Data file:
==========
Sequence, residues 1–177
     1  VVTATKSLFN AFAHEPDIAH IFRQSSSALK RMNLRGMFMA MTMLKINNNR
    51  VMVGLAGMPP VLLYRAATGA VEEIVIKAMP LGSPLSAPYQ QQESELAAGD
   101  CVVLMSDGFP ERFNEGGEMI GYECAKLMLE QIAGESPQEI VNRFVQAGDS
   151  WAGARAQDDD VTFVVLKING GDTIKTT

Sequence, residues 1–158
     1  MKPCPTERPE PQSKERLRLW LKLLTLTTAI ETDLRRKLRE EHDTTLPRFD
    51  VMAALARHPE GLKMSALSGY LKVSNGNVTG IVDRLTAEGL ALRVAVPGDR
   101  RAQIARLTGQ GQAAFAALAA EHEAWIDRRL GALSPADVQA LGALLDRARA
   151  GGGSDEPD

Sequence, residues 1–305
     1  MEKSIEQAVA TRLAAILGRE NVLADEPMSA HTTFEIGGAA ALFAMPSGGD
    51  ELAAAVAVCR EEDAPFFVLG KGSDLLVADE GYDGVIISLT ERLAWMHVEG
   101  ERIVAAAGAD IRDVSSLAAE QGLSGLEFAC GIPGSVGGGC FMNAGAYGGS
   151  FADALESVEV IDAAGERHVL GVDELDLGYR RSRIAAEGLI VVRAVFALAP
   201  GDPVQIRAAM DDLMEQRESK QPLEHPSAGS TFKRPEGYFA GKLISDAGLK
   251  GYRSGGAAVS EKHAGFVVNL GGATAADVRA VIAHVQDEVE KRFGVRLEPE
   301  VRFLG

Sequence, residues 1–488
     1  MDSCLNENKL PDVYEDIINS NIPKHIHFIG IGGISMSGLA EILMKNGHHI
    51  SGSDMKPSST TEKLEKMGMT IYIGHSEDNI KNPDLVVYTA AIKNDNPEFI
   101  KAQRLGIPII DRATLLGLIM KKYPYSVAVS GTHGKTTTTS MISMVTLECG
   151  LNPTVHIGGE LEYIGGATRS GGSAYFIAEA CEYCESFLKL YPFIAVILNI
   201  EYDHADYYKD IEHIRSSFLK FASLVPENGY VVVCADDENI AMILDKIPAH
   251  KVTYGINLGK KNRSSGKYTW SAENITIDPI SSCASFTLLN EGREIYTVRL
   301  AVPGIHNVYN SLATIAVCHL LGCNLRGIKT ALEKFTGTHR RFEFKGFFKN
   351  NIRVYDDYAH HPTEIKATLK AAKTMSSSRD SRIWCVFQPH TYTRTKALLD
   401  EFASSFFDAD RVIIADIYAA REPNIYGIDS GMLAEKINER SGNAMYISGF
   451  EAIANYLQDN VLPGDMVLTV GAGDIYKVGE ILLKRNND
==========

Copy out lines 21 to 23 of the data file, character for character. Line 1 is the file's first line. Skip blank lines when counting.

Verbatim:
    51  SGSDMKPSST TEKLEKMGMT IYIGHSEDNI KNPDLVVYTA AIKNDNPEFI
   101  KAQRLGIPII DRATLLGLIM KKYPYSVAVS GTHGKTTTTS MISMVTLECG
   151  LNPTVHIGGE LEYIGGATRS GGSAYFIAEA CEYCESFLKL YPFIAVILNI